Posts Tagged ‘.net-rocks’

Yet Another Podcast, (YAP) talking not just about Team System but about effective, predictable software process and the tools that can be used to enact one. (Primarily TFS, but a few others were mentioned.) This discussion, with the issues that were highlight, only further emphasizes to me the definite advantage of using the right process and methodology in software design, and the importance of those “icky” things like unit tests that cost a little up front but save a lot on the back end. It is a big goal of mine to not just be casually familiar with (I think I’m there already) but really able to make the most of what I consider the current “state of the art” in software development architecture, methods, process, etc.

Joel Semeniuk on the State of Team System

Joel Semeniuk is back to catch us up on Visual Studio Team System. Problems solved and features yet to come.

via .NET Rocks!.


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Yet Another Podcast, (YAP) this time about the complexity of software development, the different types of complexity of consider, and an all-around interesting conversation.

Panel: Is Software Development Too Complex?

Recorded live at devLink in Nashville, Tennessee. Billy Hollis, Kathleen Dollard, Jim Holmes, and Josh Holmes (no relation) discuss the issue of the complexity of software development. Several .NET celebrities in the audience also chimed in.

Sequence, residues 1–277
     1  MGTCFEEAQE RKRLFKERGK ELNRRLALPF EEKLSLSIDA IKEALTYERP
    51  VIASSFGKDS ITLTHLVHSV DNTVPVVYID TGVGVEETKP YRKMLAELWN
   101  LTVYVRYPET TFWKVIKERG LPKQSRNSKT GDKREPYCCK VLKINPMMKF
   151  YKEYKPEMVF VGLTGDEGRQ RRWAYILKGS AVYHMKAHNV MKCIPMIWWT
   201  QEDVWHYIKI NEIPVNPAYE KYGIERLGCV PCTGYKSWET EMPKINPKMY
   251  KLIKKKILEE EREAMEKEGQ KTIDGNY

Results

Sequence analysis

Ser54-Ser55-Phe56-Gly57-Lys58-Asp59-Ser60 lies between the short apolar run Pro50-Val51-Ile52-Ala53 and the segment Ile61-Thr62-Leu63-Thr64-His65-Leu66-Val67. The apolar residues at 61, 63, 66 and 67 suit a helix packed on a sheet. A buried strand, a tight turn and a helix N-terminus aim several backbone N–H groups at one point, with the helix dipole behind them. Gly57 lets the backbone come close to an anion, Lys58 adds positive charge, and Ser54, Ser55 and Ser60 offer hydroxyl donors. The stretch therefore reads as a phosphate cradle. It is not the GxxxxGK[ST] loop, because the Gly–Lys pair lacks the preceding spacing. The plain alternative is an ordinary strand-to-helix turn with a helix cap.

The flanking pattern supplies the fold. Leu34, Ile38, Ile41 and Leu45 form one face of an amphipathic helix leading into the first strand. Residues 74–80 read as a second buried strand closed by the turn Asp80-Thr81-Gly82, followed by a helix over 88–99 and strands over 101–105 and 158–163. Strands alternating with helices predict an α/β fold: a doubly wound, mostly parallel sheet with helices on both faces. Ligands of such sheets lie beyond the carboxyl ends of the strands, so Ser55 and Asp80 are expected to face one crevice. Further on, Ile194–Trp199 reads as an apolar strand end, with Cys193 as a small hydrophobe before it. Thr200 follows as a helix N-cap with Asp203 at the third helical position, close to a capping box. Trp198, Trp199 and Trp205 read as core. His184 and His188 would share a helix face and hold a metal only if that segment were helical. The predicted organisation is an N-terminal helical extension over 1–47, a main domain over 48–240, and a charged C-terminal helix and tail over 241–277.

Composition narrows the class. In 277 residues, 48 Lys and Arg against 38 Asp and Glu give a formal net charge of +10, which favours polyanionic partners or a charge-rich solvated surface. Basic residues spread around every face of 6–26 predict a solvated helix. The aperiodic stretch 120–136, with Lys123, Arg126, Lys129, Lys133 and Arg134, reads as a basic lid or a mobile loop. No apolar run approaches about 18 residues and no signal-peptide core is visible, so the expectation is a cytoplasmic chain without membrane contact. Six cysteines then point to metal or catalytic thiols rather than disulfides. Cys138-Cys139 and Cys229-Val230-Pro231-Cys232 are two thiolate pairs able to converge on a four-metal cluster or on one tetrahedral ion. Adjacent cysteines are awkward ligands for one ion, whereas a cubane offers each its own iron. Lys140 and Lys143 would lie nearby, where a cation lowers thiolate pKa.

via .NET Rocks!.

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While listening to another .NET Rocks podcast this morning I caught mention of Sequential GUID’s, a feature introduced in Sql Server 2005. Given the use of GUID’s as primary keys I thought this a useful piece of information.

What are the performance improvement of Sequential Guid over standard Guid? – Stack Overflow.

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The latest podcast I’ve had the privilege of listening to during my commute was another .NET Rocks! Radio TFS home run, this time discussing hyper-v and virtualization with Brian Randell. Among other things Brian maintains the virtual machine images provided by Microsoft that allow you to trial Team Foundation Server using a fully functional Virtual PC or Hyper-V images. With an expiration date of December 31, 2009, there’s plenty of time to play!

Brian’s blog post about the images.

Unfortunately I don’t currently have enough surplus horsepower to give the images a run, but I’d recommend listening to the podcast.

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